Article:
When you buy a holiday home or indeed any investment property, the last thing on your mind are the tax implications. Unfortunately, even if you find you aren’t making a profit you still have to tell the taxman.
I will outline briefly all you need to know, tax wise, if you own an investment property:
What do you have to do?
If you own a holiday home or investment property, either in Ireland or overseas, then you must declare income from this to the Revenue every October when filing a Self Assessed Income Tax Return.
How much tax do I pay?
You pay tax on the profit you make from renting out your property. This is calculated by subtracting your allowable expenses from the gross rental income which you receive. If you are making a loss, you do not have to pay any tax but you do still need to inform the Revenue.
What expenses can be claimed?
Well, expenses relating to the property from the date of first letting can be claimed against your rental income. These include:
· Mortgage interest on the loan used to acquire the property (restricted to 75% of interest for residential property)
· Any repairs to the property, for example, damp and rot treatment, repairing broken windows or appliances (though not if you carry out the repair work yourself)
· Maintenance, for example cleaning, painting or decorating
· Management service charges and letting fees
· Advertising costs
· Any Insurance premiums
The NPPR Charge
From 2009- 2012 there was a charge of €200 called the Non Principal Private Residence (NPPR) charge on rental properties and holiday homes situated in Ireland, but not on mobile homes. This charge is now gone but if you have yet to pay it, the Revenue can still pursue you.
Household Charge and Local Property Tax
The Household charge was introduced by the Government in 2012 and applies to both private residential and investment properties. This was a flat fee of €100 per property. This charge has now been replaced by the Local Property Tax (LPT) in 2013, but the Revenue can still pursue any outstanding household charges. The LPT tax is calculated based upon the value of your property. It applies to both private residential and investment properties. Revenue are pursuing this tax forcefully and have several successful methods of collection, for example reducing individuals tax credits accordingly and withholding tax refunds due to individuals and companies.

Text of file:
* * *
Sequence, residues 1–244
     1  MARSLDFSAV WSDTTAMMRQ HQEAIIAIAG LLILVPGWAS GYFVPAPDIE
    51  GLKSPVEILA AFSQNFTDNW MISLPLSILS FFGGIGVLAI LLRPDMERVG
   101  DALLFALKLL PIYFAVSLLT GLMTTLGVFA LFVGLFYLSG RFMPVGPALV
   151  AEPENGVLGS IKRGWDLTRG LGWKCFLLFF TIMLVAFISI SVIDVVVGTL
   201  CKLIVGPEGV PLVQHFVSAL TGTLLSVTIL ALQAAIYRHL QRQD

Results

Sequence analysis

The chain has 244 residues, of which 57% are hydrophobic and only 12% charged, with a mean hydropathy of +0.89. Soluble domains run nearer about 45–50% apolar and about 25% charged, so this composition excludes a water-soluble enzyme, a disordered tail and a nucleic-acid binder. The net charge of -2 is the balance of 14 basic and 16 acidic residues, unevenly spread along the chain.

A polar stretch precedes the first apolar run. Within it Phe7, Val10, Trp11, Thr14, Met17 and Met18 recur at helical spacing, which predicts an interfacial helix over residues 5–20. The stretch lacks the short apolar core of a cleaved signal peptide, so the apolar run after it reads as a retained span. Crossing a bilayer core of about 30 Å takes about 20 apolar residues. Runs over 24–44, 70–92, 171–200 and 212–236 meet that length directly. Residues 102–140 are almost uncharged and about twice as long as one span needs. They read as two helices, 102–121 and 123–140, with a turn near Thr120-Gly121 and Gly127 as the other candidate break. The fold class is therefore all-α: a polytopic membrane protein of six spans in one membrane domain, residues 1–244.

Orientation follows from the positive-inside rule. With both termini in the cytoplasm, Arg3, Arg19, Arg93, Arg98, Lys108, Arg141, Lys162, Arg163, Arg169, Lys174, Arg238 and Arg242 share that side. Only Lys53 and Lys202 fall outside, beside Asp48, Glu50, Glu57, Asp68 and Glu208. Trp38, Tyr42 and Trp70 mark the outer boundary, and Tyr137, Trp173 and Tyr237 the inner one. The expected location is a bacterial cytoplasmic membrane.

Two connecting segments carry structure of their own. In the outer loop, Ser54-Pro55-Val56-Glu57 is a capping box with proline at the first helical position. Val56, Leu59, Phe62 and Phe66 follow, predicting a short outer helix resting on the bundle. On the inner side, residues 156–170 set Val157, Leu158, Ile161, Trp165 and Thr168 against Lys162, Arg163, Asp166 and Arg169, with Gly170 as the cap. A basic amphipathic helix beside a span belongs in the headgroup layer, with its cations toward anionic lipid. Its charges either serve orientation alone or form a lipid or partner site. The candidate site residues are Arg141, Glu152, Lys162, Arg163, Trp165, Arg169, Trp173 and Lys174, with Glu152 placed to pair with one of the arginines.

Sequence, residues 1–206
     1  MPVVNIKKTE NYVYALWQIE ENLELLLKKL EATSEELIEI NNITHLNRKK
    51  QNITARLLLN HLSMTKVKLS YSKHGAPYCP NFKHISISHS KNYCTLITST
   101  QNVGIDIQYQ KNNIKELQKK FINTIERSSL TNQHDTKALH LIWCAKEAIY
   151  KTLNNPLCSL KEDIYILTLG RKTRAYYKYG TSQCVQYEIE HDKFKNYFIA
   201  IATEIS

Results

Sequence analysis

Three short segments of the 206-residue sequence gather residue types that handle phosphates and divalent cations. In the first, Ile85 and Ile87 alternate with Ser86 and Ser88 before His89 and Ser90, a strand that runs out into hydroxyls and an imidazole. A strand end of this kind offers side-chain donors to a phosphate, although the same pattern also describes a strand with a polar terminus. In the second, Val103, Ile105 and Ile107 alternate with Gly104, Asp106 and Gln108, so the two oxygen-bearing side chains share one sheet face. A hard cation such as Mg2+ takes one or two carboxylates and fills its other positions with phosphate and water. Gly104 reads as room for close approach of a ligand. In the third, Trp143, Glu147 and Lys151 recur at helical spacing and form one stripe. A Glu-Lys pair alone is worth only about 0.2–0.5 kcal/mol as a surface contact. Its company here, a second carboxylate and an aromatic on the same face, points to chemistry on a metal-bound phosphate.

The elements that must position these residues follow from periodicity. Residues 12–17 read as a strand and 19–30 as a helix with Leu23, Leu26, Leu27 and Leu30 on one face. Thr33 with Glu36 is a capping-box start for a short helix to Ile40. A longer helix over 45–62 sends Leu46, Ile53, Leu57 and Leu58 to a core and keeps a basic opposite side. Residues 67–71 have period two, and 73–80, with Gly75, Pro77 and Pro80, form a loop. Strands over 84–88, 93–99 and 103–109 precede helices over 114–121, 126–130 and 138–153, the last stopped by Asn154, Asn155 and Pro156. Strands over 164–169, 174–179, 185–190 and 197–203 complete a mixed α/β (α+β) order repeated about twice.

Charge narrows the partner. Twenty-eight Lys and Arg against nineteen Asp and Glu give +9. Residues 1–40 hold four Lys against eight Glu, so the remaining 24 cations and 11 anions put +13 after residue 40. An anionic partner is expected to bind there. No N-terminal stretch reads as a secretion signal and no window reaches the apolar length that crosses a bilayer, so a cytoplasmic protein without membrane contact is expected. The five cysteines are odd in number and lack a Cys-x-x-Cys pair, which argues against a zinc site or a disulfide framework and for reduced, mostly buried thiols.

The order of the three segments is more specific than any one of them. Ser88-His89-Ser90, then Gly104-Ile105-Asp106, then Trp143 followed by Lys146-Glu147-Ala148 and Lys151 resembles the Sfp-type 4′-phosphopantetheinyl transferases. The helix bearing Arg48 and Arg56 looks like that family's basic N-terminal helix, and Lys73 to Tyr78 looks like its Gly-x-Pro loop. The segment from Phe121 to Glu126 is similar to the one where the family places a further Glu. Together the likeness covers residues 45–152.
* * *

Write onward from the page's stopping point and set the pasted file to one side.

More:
If you are renting out a property in a foreign country you must first pay any local taxes that arise on the property. As an Irish resident, you must also pay Irish tax on this income however you can claim a credit for foreign tax you have already paid so that you don’t pay the tax twice, subject to tax treaties in place between Ireland and the foreign country in question. If you incur a loss on your foreign property in a year, it can be carried forward for offset against future foreign rental profits only.
I hope you find this note useful and if you have any questions or queries on any of the above, do feel free to contact me. Alternatively please contact me if you require assistance in completing your tax return.